Snags over patients registering near work
Government plans to allow patients to register near their work are on the verge of being shelved because of problems working out how to pay GPs and PCTs.
A Department of Health source told Pulse working out how money would follow the patient was proving hard to reconcile.
The source said the scheme risked destabilising PCT finances and could create a mountain of red tape for a policy that would benefit relatively few patients.
'The idea of being able to register near work is certainly on the books,' the source said. 'The problem is when you start doing the sums.'
Dr David Colin-Thome, primary care tsar, has already admitted that rules surrounding home visits are a major obstacle to registration near work.
Patients ill at home would have to rely on the generosity of a local practice if they wanted a visit.
Critics of the policy also warn that allowing registration near work would upset the 'family dynamics' of practice.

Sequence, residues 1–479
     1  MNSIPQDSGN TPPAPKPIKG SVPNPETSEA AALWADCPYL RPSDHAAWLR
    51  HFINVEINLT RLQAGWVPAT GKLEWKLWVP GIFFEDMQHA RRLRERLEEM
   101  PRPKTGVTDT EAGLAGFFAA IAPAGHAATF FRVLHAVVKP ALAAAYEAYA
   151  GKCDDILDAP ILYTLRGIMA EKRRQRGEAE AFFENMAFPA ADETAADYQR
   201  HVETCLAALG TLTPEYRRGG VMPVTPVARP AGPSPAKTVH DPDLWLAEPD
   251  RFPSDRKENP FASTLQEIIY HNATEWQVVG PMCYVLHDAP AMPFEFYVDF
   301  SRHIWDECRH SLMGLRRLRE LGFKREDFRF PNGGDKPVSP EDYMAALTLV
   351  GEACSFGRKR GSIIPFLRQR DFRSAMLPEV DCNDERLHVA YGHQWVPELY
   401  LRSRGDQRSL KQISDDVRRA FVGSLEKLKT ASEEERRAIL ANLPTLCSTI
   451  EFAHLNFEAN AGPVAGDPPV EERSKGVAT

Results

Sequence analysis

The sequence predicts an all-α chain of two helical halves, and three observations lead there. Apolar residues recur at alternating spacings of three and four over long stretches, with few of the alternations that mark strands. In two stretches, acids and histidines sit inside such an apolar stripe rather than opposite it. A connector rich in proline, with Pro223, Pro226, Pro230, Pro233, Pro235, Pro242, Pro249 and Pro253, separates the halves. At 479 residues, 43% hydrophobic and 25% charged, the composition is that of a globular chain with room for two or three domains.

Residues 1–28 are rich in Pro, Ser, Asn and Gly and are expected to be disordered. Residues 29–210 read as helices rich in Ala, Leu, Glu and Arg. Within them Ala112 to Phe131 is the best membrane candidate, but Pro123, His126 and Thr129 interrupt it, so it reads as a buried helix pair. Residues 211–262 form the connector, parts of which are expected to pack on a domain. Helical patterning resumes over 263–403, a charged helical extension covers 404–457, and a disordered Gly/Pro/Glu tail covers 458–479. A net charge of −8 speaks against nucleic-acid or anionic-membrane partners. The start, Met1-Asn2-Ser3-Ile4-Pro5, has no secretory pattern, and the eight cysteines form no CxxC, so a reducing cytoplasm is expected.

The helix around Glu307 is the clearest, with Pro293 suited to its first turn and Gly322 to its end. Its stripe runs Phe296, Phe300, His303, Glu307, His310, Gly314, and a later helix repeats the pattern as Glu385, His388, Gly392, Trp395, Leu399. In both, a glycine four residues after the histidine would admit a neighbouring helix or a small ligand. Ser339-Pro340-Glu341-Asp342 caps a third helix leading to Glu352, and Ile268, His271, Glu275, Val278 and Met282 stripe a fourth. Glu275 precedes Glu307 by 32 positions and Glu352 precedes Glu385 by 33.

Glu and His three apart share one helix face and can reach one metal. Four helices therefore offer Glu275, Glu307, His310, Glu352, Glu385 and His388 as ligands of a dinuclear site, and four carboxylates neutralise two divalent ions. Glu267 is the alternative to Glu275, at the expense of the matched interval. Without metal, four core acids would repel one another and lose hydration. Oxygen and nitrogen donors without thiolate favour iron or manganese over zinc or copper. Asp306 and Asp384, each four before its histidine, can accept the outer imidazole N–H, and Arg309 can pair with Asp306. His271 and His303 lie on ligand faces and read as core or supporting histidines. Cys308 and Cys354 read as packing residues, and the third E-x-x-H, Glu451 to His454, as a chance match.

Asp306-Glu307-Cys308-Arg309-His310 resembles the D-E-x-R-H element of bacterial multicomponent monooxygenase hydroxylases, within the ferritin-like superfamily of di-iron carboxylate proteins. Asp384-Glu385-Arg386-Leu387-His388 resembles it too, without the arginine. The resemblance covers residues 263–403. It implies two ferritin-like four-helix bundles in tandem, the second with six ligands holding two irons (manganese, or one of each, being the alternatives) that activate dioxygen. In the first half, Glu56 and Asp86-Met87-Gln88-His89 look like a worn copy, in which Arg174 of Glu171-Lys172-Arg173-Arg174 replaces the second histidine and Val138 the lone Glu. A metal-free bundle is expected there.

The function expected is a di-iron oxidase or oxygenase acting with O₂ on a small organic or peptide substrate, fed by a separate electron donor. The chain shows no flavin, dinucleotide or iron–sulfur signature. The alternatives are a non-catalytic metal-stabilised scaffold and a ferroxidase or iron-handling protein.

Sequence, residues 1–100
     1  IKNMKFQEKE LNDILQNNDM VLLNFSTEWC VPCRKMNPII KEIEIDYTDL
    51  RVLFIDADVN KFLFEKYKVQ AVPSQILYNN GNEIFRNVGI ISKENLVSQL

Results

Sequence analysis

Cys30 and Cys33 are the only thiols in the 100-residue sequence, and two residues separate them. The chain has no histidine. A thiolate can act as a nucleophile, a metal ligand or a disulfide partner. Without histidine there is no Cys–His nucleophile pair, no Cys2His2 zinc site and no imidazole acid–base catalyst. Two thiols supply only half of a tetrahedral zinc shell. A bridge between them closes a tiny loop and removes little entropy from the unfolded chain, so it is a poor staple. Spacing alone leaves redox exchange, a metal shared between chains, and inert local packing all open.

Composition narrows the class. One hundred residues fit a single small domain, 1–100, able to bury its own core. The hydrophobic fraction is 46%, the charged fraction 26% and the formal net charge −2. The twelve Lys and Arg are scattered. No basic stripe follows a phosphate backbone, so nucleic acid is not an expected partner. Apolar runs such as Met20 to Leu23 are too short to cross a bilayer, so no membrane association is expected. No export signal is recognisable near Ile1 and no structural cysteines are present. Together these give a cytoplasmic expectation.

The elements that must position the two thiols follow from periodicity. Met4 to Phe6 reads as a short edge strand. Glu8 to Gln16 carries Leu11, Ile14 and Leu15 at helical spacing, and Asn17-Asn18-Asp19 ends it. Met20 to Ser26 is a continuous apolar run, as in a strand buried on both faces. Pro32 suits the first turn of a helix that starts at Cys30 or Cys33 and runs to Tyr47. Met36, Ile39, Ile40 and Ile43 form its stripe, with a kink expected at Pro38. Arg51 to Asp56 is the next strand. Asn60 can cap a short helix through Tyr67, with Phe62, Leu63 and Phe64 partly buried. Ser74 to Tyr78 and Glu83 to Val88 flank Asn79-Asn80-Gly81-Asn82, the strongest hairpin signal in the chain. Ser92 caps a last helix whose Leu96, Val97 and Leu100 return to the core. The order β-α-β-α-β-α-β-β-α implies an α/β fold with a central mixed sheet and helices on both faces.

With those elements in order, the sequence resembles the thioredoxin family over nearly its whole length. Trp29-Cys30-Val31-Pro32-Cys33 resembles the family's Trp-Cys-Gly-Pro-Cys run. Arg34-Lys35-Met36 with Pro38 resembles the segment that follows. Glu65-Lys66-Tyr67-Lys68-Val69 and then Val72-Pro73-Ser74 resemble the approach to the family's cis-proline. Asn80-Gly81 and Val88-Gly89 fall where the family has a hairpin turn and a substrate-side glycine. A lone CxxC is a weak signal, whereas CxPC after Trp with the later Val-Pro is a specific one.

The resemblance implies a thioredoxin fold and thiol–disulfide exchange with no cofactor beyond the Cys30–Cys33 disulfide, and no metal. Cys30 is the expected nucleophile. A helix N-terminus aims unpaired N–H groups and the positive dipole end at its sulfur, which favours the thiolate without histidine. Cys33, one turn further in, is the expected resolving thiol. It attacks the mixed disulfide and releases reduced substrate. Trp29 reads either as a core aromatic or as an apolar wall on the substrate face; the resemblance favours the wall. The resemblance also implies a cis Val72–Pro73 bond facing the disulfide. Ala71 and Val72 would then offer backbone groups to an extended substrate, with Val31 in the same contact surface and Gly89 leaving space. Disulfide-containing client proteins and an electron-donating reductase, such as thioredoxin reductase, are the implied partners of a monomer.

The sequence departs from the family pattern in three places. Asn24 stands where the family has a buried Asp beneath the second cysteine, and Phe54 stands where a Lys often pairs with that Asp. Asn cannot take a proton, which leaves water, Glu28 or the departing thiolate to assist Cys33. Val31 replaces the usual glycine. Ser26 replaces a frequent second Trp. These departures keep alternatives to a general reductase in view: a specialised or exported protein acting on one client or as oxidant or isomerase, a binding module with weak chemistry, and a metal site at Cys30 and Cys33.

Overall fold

Dr Mike Dixon, NHS Alliance chair, said the Government would have to come up with a formula which would not destabilise 'home' PCTs.
If patients were allowed to register near their work, Dr Dixon said, a suburban or rural PCT could be saddled with a disproportionately high number of patients with chronic diseases and a budget that did not reflect the higher workload.
He said: 'Patients able to access care from work are less likely to have chronic diseases or require home visits.'
Officials are understood to be considering whether temporary residents rules can be adapted or whether 'work' PCTs could commission out-of-hours care from patients' home PCTs.
Dr Hamish Meldrum, GPC chair, said there were 'a whole lot of problems' to overcome. 'There will be certain duplications of finances, It's not just a question of unbundling there will be some double payments and that might be a problem.'
Dr Meldrum added that ad hoc arrangements on home visits would not work. He said: 'You can't have that if someone lives a long way away.'
Dr Rob Hughes, a GP in south London and chair of the London GP Forum, said offering holistic care would be more difficult if families were split across many practices.